On a sunny afternoon last week I sat in the handsome first-floor drawing room at 11 Downing Street, listening to the chancellor recap on the government's achievements and the changes due to kick in on 1 April or soon after.

They include better breast cancer services and free eye-tests restored for 1.5 million oldsters, as well as all that extra cash coming on stream for the NHS in general. New Labour is morbidly anxious that we should not forget what it's doing for us all. 'When this government makes promises, we keep them,' Messers Blair, Brown and Dobson kept saying as Easter loomed. It is this month's slogan.

All the same, none of the announcements was, strictly speaking, new and there was a war going on in the Balkans. 'Chancellor, you're wasting your breath today,' I murmured to myself. Next morning there was 'Bomb. Bomb, Bomb', in The Sun and six pages of war news in the broadsheets. But not much Iron Gordon.

The same could be said of the Bottomley-esque flood of worthy press releases from the Department of Health. Though I did spot coverage for Tessa Jowell's initiative to tackle obesity (17 per cent of blokes and 20 per cent of women are now obese, 4 per cent up on the Tories), not much attention was given to the formal launch of primary care groups or Dobbo's pet project, the National Institute for Clinical Excellence, which is going to change our medical lives a lot.

Yet in all this flurry of activity, medical and military, the politicians expended disproportionate energy - yet again - on the waiting-list war, about as ancient and futile a conflict as the true ownership of Kosovo. Why do they do it? I asked myself, when everyone knows it's a mug's game.

The immediate answer was that the government that keeps its promises was about to announce that, yes, hospital waiting lists are at last lower than they were when Tony Blair marched into Downing Street amid those waving flags: at 1,119,700 in February they were 38,000 below the May 1997 figure, 193,000 down on last April and the lowest since December 1996 - and one month ahead of target. Dobbo has until election day - probably June 2001, just 26 months away - to get the lists 100,000 lower, as Labour promised in its five early pledges.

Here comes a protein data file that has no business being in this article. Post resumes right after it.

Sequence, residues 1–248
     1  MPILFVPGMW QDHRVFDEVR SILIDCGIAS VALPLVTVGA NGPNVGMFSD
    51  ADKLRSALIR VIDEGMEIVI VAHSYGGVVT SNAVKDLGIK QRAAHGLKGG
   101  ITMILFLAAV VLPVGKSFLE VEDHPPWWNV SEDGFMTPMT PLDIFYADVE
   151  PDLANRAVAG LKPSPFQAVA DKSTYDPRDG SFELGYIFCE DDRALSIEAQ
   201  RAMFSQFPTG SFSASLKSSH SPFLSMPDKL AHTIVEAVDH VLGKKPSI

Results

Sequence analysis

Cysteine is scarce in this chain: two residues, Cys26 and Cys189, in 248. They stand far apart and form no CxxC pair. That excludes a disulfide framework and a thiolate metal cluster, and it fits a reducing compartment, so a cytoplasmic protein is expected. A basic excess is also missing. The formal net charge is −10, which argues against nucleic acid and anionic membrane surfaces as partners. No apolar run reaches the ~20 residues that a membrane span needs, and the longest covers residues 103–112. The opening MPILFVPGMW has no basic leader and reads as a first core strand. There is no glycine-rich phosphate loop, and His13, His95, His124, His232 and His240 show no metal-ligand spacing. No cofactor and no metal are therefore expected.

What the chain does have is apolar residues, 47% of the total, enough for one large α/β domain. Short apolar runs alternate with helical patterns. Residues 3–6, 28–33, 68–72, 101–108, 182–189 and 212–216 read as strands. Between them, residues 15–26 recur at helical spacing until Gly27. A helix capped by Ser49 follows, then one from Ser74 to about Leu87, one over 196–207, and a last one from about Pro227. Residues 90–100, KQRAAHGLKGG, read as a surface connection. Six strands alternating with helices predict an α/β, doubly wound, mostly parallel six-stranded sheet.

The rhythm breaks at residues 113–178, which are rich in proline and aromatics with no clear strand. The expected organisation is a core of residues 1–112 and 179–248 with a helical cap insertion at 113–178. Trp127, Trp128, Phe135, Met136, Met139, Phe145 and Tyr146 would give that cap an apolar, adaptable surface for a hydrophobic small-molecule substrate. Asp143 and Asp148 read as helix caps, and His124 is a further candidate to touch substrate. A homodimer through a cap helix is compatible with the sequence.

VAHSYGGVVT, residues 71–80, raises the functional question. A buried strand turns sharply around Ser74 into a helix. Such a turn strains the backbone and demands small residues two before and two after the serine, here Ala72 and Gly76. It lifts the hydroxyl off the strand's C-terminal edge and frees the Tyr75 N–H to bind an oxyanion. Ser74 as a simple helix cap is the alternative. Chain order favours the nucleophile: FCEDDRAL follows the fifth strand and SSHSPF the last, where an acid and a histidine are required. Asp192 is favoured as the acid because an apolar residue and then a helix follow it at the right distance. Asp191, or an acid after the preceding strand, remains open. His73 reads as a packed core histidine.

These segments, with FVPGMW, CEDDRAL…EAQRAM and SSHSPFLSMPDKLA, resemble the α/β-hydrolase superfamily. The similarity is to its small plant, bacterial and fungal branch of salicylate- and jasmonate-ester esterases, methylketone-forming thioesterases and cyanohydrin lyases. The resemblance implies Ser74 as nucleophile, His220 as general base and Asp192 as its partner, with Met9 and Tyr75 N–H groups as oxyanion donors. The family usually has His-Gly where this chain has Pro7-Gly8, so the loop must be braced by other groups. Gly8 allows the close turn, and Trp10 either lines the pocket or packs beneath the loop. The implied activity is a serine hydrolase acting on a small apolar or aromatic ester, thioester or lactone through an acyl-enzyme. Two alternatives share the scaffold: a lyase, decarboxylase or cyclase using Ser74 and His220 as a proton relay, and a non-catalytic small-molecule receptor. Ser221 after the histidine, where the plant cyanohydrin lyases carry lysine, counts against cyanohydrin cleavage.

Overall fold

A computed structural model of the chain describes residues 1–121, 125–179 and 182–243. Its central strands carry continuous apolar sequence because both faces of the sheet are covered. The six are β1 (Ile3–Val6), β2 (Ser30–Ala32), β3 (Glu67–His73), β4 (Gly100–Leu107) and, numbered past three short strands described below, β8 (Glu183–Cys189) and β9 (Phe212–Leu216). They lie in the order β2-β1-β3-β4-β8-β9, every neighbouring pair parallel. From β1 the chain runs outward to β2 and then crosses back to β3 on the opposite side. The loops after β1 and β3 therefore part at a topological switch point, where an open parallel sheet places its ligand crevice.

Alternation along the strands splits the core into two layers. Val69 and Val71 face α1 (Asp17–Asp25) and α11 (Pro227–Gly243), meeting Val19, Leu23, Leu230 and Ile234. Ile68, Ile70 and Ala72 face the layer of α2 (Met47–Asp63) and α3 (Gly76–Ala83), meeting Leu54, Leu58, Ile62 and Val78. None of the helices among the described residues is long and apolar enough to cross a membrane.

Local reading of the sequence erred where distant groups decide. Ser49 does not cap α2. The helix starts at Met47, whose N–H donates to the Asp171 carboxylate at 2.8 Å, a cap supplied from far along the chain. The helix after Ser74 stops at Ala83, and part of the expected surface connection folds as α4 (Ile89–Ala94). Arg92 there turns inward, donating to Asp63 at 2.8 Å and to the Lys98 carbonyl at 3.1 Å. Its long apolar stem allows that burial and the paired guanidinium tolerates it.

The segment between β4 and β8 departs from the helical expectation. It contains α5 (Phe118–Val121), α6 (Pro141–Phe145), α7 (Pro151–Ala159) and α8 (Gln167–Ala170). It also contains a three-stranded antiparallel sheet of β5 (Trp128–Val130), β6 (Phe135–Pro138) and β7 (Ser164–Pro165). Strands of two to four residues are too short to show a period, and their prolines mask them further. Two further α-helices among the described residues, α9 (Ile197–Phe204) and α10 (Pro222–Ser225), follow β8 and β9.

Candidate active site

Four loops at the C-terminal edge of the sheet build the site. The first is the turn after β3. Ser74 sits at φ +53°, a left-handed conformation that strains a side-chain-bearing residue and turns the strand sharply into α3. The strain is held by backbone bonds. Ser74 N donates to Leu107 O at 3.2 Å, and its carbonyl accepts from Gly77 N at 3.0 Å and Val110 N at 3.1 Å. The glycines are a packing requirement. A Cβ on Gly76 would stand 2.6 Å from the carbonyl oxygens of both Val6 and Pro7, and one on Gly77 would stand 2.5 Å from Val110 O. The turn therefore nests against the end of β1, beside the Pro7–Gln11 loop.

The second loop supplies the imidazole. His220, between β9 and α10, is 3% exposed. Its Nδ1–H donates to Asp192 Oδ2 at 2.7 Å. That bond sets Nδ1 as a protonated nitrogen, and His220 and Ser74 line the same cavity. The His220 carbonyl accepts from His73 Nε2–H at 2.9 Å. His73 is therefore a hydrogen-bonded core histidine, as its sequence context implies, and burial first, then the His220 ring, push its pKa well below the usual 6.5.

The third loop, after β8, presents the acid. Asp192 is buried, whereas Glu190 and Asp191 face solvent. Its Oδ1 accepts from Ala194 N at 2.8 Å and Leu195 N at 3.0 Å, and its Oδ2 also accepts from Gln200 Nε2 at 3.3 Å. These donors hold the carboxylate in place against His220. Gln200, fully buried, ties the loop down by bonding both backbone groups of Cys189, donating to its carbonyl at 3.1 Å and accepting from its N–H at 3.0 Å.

But is it true? At health questions in the Commons, Tory and Lib Dem MPs tried to spoil the party. More wounding, so did the British Medical Association, whose senior spokesmen were caught muttering about 'rising emergency admissions, lengthening queues for outpatient clinics and pressure to make progress on waiting lists'.

This is more or less what Ann Widdecombe had said in a pre-emptive air strike on Camp Dobson the previous week.

'The real waiting list stands some 480,000 higher than Labour claim. They have fiddled the figures and distorted clinical priorities to make it appear that their pledges have been met,' she explained.

Why? Chiefly because 'the waiting list to get on the waiting list' is up by 220,500, almost double the 1997 figures according to Tory analysis, but also because there has been a withdrawal of routine operations, administrative weeding of the lists (490,000 names removed in line with standard practice, John Denham told MPs), reduced referral rates from GPs etc.

But it was against Miss Widdecombe that Mr Dobson's spear carrier, Joe 'Enforcer' McCrea, launched his outraged special adviser rebuttal.

A new category of press release this, it stressed two basic points: that there has been no change in waiting-list policies, and where there have been adverse changes in practice Dobbo deplores them. 'I would not have thought any clinician worth his or her salt would allow themselves to be leaned on by NHS managers,' the Enforcer quoted the Boss as telling medics.

Fine, fine, go tell the chief executive to take a jump, Doc. But in reality we are all leaned on by management sometimes: doctors, columnists and, I dare say, even Tony Blair's Cabinet ministers.